6 Tips to Get Ready for an Obstacle Race

Photo by Del Mar Mud Run

From wall climbs and hurdle jumps to mud pits and tire swings, obstacle races are popping up in numerous cities. Many may think obstacle courses are for the elite athlete, but that's not the case; many events accommodate all fitness levels. Obstacle races are supposed to challenge you while encouraging the combination of fun and fitness.    

Doug Balzarini, personal trainer and strength coach for the Alliance MMA Fighting Team, encourages his clients to take part in obstacle races. "Obstacle races are great because you don't have to be an athlete or an elite runner to participate. These races are meant to be fun while challenging your body and mind."

More: A Look at Obstacle Course Racing

Whether you're running in your first or hundredth obstacle race, Doug Balzarini gives a few tips to help you get ready for your next obstacle event.

Q: Does a participant need to train for an obstacle race?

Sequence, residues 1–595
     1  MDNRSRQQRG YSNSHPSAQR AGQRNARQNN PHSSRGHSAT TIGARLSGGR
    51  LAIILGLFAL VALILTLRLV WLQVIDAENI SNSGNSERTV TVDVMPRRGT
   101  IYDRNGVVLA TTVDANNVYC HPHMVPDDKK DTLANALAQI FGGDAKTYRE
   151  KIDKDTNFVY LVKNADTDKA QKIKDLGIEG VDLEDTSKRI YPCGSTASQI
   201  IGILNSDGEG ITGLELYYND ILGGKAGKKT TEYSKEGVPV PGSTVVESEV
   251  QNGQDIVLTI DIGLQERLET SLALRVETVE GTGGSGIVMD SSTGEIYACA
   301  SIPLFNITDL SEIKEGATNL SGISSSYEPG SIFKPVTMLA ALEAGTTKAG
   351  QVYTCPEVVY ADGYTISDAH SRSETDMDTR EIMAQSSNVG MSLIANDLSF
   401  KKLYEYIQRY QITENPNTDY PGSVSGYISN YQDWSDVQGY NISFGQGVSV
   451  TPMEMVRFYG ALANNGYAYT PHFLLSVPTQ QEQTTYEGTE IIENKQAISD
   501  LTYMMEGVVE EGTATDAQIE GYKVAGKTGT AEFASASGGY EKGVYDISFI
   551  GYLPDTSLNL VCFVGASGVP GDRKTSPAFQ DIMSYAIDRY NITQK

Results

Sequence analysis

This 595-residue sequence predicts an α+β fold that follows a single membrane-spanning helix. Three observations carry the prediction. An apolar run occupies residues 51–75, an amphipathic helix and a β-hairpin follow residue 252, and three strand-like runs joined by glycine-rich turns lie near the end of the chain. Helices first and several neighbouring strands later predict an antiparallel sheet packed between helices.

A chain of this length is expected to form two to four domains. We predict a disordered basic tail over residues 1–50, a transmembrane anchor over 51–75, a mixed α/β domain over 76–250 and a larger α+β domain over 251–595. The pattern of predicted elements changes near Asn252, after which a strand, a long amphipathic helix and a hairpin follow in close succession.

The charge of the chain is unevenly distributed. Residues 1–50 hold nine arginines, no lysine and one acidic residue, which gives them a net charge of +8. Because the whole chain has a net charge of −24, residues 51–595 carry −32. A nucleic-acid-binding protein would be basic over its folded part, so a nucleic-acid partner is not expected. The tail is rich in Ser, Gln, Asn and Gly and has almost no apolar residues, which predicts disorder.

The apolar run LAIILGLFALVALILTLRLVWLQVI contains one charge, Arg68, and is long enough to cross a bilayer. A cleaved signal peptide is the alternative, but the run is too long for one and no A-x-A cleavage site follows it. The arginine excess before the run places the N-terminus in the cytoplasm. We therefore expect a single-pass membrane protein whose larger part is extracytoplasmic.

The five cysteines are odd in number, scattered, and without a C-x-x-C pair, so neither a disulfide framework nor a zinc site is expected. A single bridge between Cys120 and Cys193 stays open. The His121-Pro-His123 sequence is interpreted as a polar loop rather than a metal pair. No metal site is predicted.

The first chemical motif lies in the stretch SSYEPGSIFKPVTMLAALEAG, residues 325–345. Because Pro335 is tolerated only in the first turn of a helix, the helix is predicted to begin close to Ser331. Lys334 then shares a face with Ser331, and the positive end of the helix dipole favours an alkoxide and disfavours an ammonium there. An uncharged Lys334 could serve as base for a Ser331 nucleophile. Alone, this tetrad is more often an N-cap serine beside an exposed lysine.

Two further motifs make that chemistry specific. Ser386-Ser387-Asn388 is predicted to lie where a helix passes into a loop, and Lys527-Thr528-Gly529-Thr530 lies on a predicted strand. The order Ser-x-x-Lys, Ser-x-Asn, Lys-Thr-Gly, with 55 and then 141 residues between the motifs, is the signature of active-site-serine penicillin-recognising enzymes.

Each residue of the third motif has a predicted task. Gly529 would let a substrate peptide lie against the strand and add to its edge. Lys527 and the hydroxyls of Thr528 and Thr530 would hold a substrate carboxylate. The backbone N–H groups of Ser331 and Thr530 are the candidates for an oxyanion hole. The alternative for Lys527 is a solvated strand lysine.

DB: While it's not required, I would suggest "preparing" for an event if possible. The more preparation you do in advance means less stress and more fun to be had when it's time to participate.

Q: How does one even begin to train for a race?

DB: I have helped a number of clients get ready for obstacle course events. While we were not able to replicate the course exactly, we were able to set up a similar layout and mimic many of the stations during our sessions. Putting their bodies through a workout similar to what they will experience better prepares them for the actual event. Do a little research ahead of time. Most of these events post the race layout on their website so you can see what's in store. Then try to mimic the movements in your workouts. If there are hurdle jumps, try jumping over a bunch. If there is a crawling portion, crawl across the room.

Q: What are some common exercises one can do at home?

DB: Obstacle races typically involve running to stations and performing a variety of body-weight exercises. An individual can perform a circuit of running a certain distance followed by body-weight exercises. Common exercises would include burpees, jumping, pushups, pull-ups, crawling, and climbing. In between each set run for a minute or two.

More: 8 Ways to Modify the Everyday Pushup

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